If government officials refused to eat the fish caught up in Grassy Narrows -- as they did --  there must be a reason for that fear; it pretty boldly illustrates that the river, the fish, and the people who live near it are sick, despite initial denial.  

John Rudd, a lead author of new research commissioned by Grassy Narrows First Nation and released today, is hopeful that a clean up is still possible. But this hope is married to frustration since scientists like Rudd first proposed recommendations for a clean up back in the 1980s. The cleanup could cost "several tens of millions of dollars," Rudd said.

Rudd said the source of the ongoing contamination needs further study, but the feasibility of remediation does not. CBC News reported that Rudd had mentioned that mercury cleanup methods recommended by him for the English-Wabigoon, and rejected by the government in the 1980s, have since been seen to work, successfully, at an estuary in Maine, Rudd said. New technology has made remediation even more viable, he said.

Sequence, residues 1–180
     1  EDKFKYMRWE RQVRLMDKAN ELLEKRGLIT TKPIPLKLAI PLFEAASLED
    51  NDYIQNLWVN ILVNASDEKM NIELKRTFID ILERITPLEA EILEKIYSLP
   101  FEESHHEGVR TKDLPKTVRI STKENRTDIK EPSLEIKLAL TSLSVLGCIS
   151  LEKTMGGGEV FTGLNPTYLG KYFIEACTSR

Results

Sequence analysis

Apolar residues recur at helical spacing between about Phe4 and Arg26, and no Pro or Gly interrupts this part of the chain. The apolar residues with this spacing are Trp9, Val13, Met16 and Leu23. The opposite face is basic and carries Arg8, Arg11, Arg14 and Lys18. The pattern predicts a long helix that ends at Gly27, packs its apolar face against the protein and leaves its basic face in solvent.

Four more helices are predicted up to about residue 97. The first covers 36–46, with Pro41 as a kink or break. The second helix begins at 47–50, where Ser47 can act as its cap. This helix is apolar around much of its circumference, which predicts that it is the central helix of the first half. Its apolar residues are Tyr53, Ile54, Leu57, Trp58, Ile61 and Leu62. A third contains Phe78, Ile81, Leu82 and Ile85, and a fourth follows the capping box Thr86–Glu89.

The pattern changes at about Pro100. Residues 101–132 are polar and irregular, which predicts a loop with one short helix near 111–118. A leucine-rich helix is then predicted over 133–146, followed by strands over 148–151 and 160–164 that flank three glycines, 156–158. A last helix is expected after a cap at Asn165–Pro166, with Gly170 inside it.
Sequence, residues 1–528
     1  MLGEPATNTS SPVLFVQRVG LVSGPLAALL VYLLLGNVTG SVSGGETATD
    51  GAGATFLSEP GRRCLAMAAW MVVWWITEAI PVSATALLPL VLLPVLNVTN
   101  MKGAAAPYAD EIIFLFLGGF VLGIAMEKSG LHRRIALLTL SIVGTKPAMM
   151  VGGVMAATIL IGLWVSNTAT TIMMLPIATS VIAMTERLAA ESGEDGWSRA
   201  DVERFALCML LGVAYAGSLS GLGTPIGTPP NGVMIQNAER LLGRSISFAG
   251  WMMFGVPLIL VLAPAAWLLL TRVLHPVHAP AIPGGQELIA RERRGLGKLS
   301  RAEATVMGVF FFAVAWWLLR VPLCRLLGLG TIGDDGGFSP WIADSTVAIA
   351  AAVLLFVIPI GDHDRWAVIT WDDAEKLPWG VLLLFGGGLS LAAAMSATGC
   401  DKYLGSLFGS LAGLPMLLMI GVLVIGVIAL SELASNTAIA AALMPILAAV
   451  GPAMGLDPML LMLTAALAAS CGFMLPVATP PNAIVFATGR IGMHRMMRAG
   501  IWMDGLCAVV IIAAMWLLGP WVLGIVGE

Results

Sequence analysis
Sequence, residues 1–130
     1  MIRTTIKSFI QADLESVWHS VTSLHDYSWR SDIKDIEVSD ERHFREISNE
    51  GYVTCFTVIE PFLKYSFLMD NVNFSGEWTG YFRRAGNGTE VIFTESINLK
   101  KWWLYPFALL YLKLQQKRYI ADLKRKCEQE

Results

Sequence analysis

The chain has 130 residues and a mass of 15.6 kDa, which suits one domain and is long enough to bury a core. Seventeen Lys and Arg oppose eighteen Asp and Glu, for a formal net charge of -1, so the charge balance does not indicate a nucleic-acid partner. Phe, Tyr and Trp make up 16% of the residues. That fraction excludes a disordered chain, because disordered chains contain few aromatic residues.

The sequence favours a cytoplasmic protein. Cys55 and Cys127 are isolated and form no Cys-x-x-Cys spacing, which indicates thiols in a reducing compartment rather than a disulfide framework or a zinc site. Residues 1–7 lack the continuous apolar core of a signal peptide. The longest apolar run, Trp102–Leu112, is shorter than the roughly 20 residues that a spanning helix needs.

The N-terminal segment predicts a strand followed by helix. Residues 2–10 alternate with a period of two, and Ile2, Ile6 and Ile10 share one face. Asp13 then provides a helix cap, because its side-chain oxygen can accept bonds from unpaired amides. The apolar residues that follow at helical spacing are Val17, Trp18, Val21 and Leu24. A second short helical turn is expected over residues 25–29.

After Rudd made the announcement, the provincial government announced that it had reviewed Rudd's new report and disagrees with the conclusions.

"Currently there is no evidence to suggest that mercury levels in the river system are such that any remediation, beyond continuing natural recovery is warranted or advisable," Gary Wheeler said in an email to CBC News.

If Gary Wheeler believes that mercury levels are low enough that fish caught in those rivers are indeed safe to eat, then as an ally to Grassy Narrows, I again invite him and the Premier to sit down with community members over a lunch of locally caught fish.

After all, what is he afraid of if he's claiming that there is nothing wrong with the fish?

Grassy Narrows is hosting enough River Run this year in Toronto. Toronto allies are asked to meet at the provincial legislature at 12:00 p.m. noon on Thursday June 2, 2016. More information can be found on this Facebook page.